After reading Randall L. Patton's account of Lockheed's thirty-year effort to desegregate its aircraft production facility in Marietta, Georgia, Lockheed executives must have thought, “No good deed goes unpunished.” According to Patton, Lockheed was in the vanguard of Deep South firms in “promoting a more racially diversified workforce” during the 1950s (16). In the 1960s, it led “efforts to develop public-private partnerships to address equal employment opportunity” (16). And in the 1970s, Lockheed executives provided leadership to job-training programs for longtime unemployed Black workers. Yet it continually found itself in the crosshairs of the NAACP, the Equal Employment Opportunity Commission (EEOC), its own Black workers, and Atlanta's Black officials, charged with employment discrimination. Patton provides enough evidence to argue that perhaps both Lockheed's executives and their critics have a point.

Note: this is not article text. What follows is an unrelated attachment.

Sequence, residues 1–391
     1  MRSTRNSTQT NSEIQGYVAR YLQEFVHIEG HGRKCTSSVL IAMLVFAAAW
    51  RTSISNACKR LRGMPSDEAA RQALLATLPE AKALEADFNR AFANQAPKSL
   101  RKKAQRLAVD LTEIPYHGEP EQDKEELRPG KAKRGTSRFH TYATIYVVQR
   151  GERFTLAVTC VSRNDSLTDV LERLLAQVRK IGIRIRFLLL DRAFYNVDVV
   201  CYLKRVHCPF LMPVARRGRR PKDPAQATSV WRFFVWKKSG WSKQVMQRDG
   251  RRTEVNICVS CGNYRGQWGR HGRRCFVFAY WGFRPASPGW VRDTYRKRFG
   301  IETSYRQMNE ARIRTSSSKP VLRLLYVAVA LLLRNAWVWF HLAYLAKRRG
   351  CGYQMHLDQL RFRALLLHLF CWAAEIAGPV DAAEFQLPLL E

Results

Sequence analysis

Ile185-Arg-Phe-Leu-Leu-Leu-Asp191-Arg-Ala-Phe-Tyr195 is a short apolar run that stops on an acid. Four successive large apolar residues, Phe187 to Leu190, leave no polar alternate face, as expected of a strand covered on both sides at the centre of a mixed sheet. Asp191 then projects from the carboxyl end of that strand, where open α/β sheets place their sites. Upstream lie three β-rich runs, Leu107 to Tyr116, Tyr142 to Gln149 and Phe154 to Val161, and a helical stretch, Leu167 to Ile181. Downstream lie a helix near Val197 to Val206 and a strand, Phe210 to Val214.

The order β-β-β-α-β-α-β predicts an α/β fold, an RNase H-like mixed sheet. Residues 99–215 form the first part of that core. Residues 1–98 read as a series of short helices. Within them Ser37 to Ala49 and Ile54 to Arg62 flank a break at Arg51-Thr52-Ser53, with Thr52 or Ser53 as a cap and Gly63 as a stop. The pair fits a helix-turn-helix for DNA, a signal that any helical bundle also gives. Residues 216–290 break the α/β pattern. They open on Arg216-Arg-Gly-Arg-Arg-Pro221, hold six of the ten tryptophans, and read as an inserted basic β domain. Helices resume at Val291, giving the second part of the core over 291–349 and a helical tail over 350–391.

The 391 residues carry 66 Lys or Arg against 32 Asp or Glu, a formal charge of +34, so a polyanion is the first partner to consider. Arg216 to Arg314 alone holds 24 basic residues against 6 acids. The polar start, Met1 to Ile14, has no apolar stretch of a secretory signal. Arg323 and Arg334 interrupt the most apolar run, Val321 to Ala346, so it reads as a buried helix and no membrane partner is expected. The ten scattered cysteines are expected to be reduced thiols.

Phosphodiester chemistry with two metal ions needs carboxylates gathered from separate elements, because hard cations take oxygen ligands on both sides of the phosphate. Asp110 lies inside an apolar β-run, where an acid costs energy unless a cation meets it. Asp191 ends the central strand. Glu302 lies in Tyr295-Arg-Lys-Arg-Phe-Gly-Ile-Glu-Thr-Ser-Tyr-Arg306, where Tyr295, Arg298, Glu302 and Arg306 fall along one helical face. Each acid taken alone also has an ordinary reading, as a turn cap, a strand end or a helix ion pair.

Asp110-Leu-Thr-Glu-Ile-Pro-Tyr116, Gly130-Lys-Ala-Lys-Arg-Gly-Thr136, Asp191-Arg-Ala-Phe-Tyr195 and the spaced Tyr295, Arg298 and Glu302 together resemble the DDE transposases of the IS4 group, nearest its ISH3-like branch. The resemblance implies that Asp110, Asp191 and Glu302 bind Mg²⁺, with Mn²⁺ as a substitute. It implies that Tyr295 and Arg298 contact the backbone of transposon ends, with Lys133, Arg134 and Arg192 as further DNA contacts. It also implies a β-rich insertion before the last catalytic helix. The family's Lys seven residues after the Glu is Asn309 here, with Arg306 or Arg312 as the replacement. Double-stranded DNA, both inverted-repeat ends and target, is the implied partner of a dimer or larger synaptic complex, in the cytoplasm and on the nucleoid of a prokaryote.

By recounting Lockheed's efforts to desegregate its workforce, Patton provides...

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